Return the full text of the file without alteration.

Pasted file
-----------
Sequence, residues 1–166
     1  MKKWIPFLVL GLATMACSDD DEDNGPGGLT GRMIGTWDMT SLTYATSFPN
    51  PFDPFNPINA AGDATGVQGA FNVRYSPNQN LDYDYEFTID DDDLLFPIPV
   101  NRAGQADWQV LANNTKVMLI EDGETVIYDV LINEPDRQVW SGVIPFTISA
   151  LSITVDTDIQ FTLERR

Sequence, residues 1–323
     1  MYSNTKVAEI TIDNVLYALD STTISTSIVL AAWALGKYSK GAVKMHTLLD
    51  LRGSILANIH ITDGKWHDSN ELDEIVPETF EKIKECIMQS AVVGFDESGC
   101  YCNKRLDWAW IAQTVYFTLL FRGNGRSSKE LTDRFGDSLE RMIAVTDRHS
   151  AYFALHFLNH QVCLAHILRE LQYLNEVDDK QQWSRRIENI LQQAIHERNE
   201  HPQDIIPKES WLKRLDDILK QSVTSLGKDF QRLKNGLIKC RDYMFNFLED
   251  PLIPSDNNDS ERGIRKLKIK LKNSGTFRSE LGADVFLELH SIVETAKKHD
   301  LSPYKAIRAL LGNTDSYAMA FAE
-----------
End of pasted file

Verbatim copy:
Sequence, residues 1–166
     1  MKKWIPFLVL GLATMACSDD DEDNGPGGLT GRMIGTWDMT SLTYATSFPN
    51  PFDPFNPINA AGDATGVQGA FNVRYSPNQN LDYDYEFTID DDDLLFPIPV
   101  NRAGQADWQV LANNTKVMLI EDGETVIYDV LINEPDRQVW SGVIPFTISA
   151  LSITVDTDIQ FTLERR

Sequence, residues 1–323
     1  MYSNTKVAEI TIDNVLYALD STTISTSIVL AAWALGKYSK GAVKMHTLLD
    51  LRGSILANIH ITDGKWHDSN ELDEIVPETF EKIKECIMQS AVVGFDESGC
   101  YCNKRLDWAW IAQTVYFTLL FRGNGRSSKE LTDRFGDSLE RMIAVTDRHS
   151  AYFALHFLNH QVCLAHILRE LQYLNEVDDK QQWSRRIENI LQQAIHERNE
   201  HPQDIIPKES WLKRLDDILK QSVTSLGKDF QRLKNGLIKC RDYMFNFLED
   251  PLIPSDNNDS ERGIRKLKIK LKNSGTFRSE LGADVFLELH SIVETAKKHD
   301  LSPYKAIRAL LGNTDSYAMA FAE